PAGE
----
OnTrack
Diabetes
(App)
OnTrack allows quickly and easily keep
tracking of everything needed to manage
diabetes.
Remote
Healthcare
Monitoring
EarlySense
EarlySense
All-in-One
Continuously monitors heart and respiratory
rate, fall prevention, early detection of patient
deterioration and pressure ulcer prevention.
Remote
Healthcare
Monitoring
NovaSom
AccuSom
Simple device used to monitor people
sleeping.
Remote
Healthcare
Monitoring
Hi
Technologies
Tele-ECG
System of records of electrocardiogram.
Remote
Healthcare
Monitoring
Proteus Digital
Health Inc.
Proteus
Discover
Proteus Digital Health consists of ingestible
sensors, a small portable sensor patch, an
application on a mobile device and a provider.
In this case, the pill dissolves in the stomach
and produces a small signal that is picked up
by a sensor used in the body, which again
relays the data (patient health information) to
a smartphone application.
Wearable
MC10
BioStampR
C
Body sensor so flexible and soft used to
collect data from the patient to help in
researches.
Wearable
Apple
Apple
Watch
The Apple Watch Series is a wearable that
allows the developers community to build an
infinite number of new applications for
Healthcare.
Wearable
Bittium
Enterprise
“Enterprise” provides customized, secure IoT
solutions and engineering services for
industrial, healthcare, and wearable sports
device manufacturers.
Wearable
Qardio
QardioCore
Device capable of tracking your complete
heart health on your smartphone and share
data with your doctor.
Wearable
Owlet
Smart Sock
2
Smart Sock 2 uses pulse oximetry to track
your infant’s heart rate and oxygen levels
while they sleep.
Wearable
Monica
Healthcare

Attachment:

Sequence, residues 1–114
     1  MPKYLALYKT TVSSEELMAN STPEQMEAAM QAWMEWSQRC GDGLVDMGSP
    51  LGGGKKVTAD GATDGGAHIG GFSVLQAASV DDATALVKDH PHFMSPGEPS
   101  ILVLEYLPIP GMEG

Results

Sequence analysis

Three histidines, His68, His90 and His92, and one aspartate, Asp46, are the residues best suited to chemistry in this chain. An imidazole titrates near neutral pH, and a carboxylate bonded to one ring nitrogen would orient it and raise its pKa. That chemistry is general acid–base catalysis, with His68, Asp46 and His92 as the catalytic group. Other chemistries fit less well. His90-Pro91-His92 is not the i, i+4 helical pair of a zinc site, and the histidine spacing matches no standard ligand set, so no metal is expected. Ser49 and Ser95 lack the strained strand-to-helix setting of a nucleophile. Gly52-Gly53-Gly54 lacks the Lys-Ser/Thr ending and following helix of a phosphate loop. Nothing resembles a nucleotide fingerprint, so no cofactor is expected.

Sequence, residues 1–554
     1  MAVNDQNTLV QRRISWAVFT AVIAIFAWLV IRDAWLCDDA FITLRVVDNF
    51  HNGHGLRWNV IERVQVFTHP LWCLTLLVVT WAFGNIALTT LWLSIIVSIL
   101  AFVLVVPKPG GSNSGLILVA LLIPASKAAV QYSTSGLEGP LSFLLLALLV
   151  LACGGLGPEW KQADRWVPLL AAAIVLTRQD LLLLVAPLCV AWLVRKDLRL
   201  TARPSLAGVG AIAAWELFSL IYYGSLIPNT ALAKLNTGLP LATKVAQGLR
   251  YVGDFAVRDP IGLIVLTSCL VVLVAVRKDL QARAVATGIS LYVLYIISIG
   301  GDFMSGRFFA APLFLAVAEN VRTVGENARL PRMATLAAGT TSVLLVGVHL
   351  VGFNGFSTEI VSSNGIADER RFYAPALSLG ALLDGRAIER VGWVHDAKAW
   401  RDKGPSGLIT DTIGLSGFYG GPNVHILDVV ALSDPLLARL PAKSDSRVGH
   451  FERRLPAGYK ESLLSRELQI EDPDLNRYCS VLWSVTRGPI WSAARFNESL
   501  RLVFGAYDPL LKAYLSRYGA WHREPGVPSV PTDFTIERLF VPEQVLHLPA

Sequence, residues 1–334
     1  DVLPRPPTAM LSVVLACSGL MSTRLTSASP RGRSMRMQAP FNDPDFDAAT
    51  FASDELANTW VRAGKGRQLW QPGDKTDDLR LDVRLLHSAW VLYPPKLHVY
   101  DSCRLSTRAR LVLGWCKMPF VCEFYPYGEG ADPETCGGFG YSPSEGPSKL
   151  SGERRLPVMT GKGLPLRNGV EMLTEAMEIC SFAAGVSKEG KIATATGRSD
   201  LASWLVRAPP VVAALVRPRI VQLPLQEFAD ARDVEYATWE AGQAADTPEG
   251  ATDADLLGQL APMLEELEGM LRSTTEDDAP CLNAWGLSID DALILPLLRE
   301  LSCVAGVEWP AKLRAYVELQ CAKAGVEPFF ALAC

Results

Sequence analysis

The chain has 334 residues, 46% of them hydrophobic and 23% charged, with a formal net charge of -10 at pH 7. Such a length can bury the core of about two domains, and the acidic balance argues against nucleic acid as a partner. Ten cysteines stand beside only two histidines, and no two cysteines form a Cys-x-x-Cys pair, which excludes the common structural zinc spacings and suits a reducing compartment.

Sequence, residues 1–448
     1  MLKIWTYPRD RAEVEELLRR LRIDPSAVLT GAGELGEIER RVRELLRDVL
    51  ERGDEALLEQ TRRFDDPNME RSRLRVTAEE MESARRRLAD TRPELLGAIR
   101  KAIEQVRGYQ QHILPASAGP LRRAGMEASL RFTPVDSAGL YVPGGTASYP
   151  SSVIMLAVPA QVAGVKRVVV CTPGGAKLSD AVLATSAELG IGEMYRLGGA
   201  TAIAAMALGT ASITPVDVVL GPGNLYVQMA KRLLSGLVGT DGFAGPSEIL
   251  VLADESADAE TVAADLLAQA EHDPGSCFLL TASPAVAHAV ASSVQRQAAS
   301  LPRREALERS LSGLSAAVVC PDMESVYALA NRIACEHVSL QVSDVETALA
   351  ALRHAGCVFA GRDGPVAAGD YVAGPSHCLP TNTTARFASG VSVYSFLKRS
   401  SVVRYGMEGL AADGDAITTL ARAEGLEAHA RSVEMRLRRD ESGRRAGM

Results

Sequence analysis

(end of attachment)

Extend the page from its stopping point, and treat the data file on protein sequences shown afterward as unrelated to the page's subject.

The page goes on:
Monica
AN24
Solution for home clinical management and
remote monitoring.
IoHT devices are associated both to near field and
worldwide communications systems through an extensive
plethora of MAC layer network technologies, such as Zigbee,
Z-Wave, LoRa, SigFox, Ingenu, Bluetooth, Bluetooth Low
Energy, WiFi, GSM, WiMax, and 3G/4G described in [109,
110]. Wireless channel attributes of these systems make
conventional wired security schemes less suitable.
Accordingly, it is hard to locate a complete security
convention that can treat both wired and wireless channel
qualities similarly, in [20].
An important aspect to consider on IoT is the scalability of
the solution since the quantity of IoHT devices will expand
continuously. More devices are getting associated with the
worldwide data arrange. In this manner, planning a
profoundly adaptable security plot without bargaining
security prerequisites turns it a testing assignment. Another
important aspect to be evaluated in the considered related
literature is the hardware platform. As shown in Table II, the
research works used hardware prototyping platforms, such as
Arduino and Raspberry Pi, indicating that the selected works
are in early stage of development.
TABLE II
TECHNOLOGY USED IN THE SELECTED RESEARCH PUBLICATIONS
Reference
Security
Mechanisms
Hardware Platform
and/or OS
Al-Taee et al. [121]
Cryptographic
Algorithm
Java
Gomes et al. [66]
SDDL
Android
Jara et al. [122]
Symmetric-key
encryption AES-
CBC
SkyeModule M2 and
Jennic JN5139
Machado et al. [22]
ECDH, SSL
Android and Arduino
Maia et al. [23]
JAAS
Arduino
Mainetti et al. [71]
Enterprise Service
Bus (ESB)
Raspberry Pi
Mano et al. [70]
SSL
Android, Raspberry Pi
Matar et al. [28]
SSL
Computer
Murakami et al. [42]
SSL
Computer